Dan Loeb Made His Money and Has Cashed Out a Huge Block of Yahoo’s Stock — As Director, Too
Yahoo said that it planned to buy back 40 million shares of stock from hedge fund investor Dan Loeb of Third Point, and that he and two other board members affiliated with him would step down as directors.
Besides Loeb, that includes Michael Wolf and Harry Wilson. They are required to leave the board once his shares fell under two percent, under the settlement agreement Loeb signed when he joined the board in early 2012. The departure actually takes place in 10 days, and will leave the Yahoo board with seven members.
Yahoo co-founder David Filo, who is still working at the company, is still its largest shareholder.
It’s not clear what prompted the Loeb move, and sources said there was no obvious acrimony over his stepping down, and that it is simply the case of a money man taking his winnings and moving on.
But Loeb once professed to wanting to be the longer-term steward of Yahoo’s turnaround, and had spent a lot of time currying favor with Silicon Valley elite as he moved onto the board of the Internet giant.
That has not happened yet at the company on a fundamental business basis. Despite all of Mayer’s successful moves to juice Yahoo’s rep as a cool place to work, it recently reporting a decline in revenue, and management has to address some worrisome issues, especially weakness in its key display advertising business.
In leaving just as the hard part starts, Loeb still took a deserved financial victory lap, mostly related to the company’s massive stock increase, and then it’s apparently back to just making money via shareholder activism.
“Since our Board’s rigorous search led us to hire Marissa Mayer as CEO, Yahoo’s stock price has nearly doubled, delivering significant value for shareholders,” Loeb said in a statement.
There’s no question about that, with shares appreciating hugely since Loeb began his fight to oust past management and install former Google exec Marissa Mayer as CEO. Loeb started buying Yahoo stock when it was $11 a share.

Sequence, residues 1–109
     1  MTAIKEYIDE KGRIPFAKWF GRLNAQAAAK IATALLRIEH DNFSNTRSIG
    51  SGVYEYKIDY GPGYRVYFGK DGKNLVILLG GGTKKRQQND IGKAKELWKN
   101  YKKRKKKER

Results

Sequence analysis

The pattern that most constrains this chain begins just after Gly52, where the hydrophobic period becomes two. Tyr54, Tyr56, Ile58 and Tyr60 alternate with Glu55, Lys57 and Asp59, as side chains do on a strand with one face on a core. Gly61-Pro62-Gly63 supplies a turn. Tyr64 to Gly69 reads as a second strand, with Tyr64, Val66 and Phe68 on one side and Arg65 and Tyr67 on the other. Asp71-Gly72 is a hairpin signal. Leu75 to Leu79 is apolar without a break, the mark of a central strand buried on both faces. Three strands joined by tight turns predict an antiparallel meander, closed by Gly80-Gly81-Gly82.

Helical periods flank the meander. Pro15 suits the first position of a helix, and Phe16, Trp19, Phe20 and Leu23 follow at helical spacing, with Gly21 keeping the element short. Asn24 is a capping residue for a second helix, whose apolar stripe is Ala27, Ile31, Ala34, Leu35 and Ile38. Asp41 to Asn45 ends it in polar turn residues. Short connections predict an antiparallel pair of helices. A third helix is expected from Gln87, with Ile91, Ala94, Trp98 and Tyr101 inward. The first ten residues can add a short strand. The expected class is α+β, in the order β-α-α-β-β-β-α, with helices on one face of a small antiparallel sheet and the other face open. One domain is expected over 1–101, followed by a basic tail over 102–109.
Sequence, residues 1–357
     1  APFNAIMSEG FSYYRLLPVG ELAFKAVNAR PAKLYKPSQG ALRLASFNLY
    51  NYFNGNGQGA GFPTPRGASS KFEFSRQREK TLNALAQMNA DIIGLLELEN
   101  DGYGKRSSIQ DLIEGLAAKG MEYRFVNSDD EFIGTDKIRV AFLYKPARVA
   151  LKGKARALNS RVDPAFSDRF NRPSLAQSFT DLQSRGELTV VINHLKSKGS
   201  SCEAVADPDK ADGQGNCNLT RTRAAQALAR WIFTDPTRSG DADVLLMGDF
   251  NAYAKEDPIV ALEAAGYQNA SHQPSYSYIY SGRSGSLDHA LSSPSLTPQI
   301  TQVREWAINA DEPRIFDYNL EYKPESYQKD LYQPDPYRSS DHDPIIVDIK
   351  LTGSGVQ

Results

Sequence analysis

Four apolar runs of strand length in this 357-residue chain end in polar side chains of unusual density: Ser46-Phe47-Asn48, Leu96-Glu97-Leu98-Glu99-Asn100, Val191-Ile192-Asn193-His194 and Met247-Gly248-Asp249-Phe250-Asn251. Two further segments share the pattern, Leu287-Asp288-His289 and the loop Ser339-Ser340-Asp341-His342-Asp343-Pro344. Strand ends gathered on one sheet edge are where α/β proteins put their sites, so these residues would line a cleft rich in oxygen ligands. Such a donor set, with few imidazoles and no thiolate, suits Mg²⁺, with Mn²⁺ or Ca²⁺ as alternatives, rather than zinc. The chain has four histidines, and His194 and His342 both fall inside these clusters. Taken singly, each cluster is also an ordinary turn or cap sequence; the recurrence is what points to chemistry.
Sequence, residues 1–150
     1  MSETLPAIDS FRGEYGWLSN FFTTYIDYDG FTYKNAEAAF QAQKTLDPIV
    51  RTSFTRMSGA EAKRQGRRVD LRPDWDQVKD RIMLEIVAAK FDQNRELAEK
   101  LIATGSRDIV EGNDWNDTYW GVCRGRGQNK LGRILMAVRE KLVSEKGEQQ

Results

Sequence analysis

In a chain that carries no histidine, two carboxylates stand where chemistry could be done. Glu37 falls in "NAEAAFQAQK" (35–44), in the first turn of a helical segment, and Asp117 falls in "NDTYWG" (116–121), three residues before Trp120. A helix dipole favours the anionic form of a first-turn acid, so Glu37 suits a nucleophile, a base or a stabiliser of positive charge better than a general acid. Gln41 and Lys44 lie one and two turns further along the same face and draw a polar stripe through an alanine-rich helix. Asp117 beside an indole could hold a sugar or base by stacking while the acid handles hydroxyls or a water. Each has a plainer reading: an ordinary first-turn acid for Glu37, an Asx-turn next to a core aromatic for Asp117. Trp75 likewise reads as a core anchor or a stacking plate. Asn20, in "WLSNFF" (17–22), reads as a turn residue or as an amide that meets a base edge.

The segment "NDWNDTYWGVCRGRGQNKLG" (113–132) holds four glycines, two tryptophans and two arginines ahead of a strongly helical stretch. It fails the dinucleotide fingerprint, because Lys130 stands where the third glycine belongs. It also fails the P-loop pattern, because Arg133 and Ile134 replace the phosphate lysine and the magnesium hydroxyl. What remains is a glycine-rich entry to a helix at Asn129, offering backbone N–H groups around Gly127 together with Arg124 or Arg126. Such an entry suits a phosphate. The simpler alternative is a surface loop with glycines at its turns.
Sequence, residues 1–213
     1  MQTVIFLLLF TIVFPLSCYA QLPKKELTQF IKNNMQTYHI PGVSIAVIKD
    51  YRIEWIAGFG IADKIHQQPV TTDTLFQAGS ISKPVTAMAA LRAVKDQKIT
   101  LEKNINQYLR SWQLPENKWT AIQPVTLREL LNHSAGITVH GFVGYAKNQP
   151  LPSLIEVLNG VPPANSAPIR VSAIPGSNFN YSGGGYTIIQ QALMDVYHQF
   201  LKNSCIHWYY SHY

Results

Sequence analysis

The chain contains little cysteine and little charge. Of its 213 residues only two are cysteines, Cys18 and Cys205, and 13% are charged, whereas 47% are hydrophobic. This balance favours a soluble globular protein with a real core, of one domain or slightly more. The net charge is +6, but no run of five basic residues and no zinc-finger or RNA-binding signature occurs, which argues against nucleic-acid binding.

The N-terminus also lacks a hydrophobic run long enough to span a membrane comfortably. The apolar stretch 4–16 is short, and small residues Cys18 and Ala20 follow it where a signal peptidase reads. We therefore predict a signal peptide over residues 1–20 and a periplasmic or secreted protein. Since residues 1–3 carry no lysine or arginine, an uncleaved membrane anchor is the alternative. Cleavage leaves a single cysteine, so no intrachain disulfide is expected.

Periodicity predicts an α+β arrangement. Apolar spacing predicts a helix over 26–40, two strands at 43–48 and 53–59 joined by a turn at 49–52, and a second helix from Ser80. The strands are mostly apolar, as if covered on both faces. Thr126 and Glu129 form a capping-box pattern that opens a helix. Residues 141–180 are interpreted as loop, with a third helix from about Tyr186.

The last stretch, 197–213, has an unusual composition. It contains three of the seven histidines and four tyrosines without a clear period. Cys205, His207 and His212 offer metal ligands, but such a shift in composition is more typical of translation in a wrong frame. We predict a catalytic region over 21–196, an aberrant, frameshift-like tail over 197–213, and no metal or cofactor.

Loeb is now selling about 3.7 percent of Yahoo back to the company at $29.11 a share, and reducing his stake in the company to 20 million shares. The transaction has caused Yahoo’s stock to decline more than four percent in premarket trading, although limiting the number of outstanding shares should prompt a rise.
The company’s morale has definitely improved, due to a number of clever and PR-friendly initiatives, and Mayer has bought a clutch of promising mobile startups to try to turn around the company’s lackluster product efforts.
But revenues at Yahoo — in contrast to gains by every other Internet giant — actually declined in the current quarter, and it is money from the sale of Yahoo’s assets in China that has been a key factor in the shares rising.
In fact, Yahoo’s stock rise is largely related to that sale of shares in the Alibaba Group, a move that was initiated by former management, after being forced by Loeb.
Loeb has been taking profits all along, actively selling stock since he became a board member. For example, he dumped 11 million shares in February. The new Yahoo purchase of stock from him is part of its multibillion-dollar repurchase effort.
Yahoo’s Mayer said in a statement that Loeb helped the company.
“Daniel Loeb had the vision to see Yahoo for its immense potential — the potential to return to greatness as a company and the potential to deliver significant shareholder value. On behalf of the Board and our entire team, I’d like to take this opportunity to personally thank Dan, Michael, and Harry for the tremendous opportunities they created here at Yahoo!. They have been incredibly supportive as we have built our executive staff and developed our strategy, and they have helped position Yahoo! for future success. While there’s still a lot of work ahead, they’ve given us a great foundation.”
Max Levchin, who has been appointed as a director after an agreement between Third Point and the Board, will remain a director. And Yahoo said it was “committed to revisiting the Board’s size and composition.”
As for Loeb, he is now on to another tech battle. Currently, he is pushing Sony to separate its entertainment unit from the main part of the consumer electronics giant, and it is likely he will double down on those efforts, said sources.